The 'Holy Grail' for most research graduate students is to publish their paper in a high impact-factor journal. Pursuing this goal, students work long hours at the bench, conducting experiments, repeating them and extending their research step-by-step. The option of going to a professional international conference on their subject in many cases is postponed till the paper is out, which might be a mistake. Here I will discuss why the concept should be changed and how a student can get the most out of an international conference.
Funding to Attend Conferences
This could be the limiting step in the process of getting to a conference. International conferences are an expensive business, from the organization aspect (registration) and from the aspect of travel and lodging. You should check your funding options as soon as you've decided you want to participate in a certain conference. Funding can come from several avenues:
- Your PI
- Your faculty
- Travel fellowship
- Your own wallet (don't think about it unless you're DESPERATE to get to that conference).
Ask fellow grad students and your PI where you can get funding and which agencies should be negotiated. Many international conferences have allocated a number of travel fellowships and also sometime an option to get free registration.
Conferences: Does Size Matter?
This is a very important question and has a direct correlation to the effectiveness of the conference. From a "business" perspective, a conference is the place to get updated on the latest in the field (sort of, see below) and the place to connect for collaborations, post-docs and meet with your colleagues (especially true for PIs). A small conference will be more intimate and will enable most of the participants to get to know each other and have a fruitful discussion, but small conferences are usually more expensive. A large conference, on the other hand, can accommodate more participants, presentations and a much wider scope while supplying more funding possibilities. Gordon and Cold Spring Harbor research conferences are renowned for their intimate meetings while notoriously known for their expensive bill.
What Research Should I Present?
Going to a conference you can choose to act as a visitor or as a participant. Presenting your research has several advantages such as promoting your research, seeking collaborations, and getting recognition for your hard work at the bench. The other side of the coin is the fact that you're exposing novel work which has not yet been published. This is one of the reasons why research presented in conferences is usually a reflection of a year old data, which in most cases was already published in a journal or is about to be published (accepted status). You should sit with your PI and discuss what of your unpublished work you can present and what you should keep for the next conference.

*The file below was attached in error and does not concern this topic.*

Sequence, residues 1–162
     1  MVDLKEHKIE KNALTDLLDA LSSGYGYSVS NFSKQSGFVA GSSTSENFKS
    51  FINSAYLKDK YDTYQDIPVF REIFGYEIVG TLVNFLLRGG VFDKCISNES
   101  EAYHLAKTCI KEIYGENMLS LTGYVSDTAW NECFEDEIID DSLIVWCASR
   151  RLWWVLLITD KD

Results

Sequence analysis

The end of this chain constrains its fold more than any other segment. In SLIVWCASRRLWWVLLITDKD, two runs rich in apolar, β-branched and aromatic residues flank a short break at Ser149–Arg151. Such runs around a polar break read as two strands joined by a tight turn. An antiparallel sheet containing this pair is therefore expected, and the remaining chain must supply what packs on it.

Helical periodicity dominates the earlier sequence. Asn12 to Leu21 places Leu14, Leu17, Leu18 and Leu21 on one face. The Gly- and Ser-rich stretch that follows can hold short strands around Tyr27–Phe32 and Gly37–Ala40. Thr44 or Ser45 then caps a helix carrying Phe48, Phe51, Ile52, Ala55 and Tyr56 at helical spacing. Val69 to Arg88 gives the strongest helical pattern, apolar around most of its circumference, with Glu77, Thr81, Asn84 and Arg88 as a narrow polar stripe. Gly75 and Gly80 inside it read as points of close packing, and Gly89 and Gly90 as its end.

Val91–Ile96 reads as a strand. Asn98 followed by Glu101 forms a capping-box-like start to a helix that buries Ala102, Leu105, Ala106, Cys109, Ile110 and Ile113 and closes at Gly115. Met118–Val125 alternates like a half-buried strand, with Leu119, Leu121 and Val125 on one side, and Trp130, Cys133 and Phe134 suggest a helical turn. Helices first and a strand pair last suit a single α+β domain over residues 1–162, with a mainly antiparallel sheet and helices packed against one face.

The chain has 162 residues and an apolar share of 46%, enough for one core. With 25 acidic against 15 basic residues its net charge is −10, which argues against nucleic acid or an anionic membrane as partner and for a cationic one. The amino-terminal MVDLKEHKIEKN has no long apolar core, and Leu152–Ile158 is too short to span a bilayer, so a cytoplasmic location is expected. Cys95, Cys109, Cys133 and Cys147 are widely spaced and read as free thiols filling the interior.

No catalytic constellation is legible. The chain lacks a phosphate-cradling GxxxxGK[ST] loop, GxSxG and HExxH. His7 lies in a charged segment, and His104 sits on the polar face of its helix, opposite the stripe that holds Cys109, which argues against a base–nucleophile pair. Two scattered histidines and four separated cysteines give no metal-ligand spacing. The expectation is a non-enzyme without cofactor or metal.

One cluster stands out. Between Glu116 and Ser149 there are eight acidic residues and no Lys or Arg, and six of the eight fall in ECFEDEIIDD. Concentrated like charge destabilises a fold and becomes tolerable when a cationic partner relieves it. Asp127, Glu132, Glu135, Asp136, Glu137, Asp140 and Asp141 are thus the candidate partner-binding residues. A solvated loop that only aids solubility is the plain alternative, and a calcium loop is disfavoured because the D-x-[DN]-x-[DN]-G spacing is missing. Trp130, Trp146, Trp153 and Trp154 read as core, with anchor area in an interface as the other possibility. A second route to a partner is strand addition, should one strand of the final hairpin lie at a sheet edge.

Oral or poster presentation?
I recommend that if you’ve decided to go to a conference you should try and present your work in the form of an oral presentation. This is simply because this is a good opportunity to practice your presentation skills. Indeed, this is quite an intimidating experience and many will be so nervous and excited behind the podium that the lecture might not be the stellar performance of your life but such opportunity can serve to build your confidence when presenting in front a large and diverse crowd (not to mention its contribution to your CV). After several such instances you will quickly find yourself comfortable behind the podium and get rewarded for the difficulties of your first steps in the presentation business.
If you haven’t been chosen to give a lecture, you can be comforted by presenting a poster. Check that you're preparing your poster according to the organizer's requirements and that you don't postpone its preparation to the last minute.
Plan your days
With all those lectures, multi-sessions and workshops, you might find yourself perplexed as to how to find the time to enjoy the hosting city. It is recommended to download the scientific and cultural program to decide what events and lectures you will want to attend. In large conferences you will have to choose among several lectures that will inevitably take place at the same time while in small conferences you will have the luxury of participating in all lectures. If you anticipate a slow day in terms of interesting lectures you might take the opportunity to explore the city. Mark for yourself some major attractions in the city that can be fitted into your anticipated schedule.
When on the conference grounds, walk around, visit posters and talk with people. Don't be shy about approaching a lecturer if you have a question or an interesting idea. This is an excellent opportunity to forge collaborations or to find your potential post-doc mentor. It is also a great opportunity to meet with colleague grad students and explore the city together or exchange scientific ideas (see my post @benchwise about the YSF 2011 meeting).
Souvenirs & chocolates
Had fun? Great! Don’t forget your friends and labmates - do some shopping for a nice souvenir and chocolates!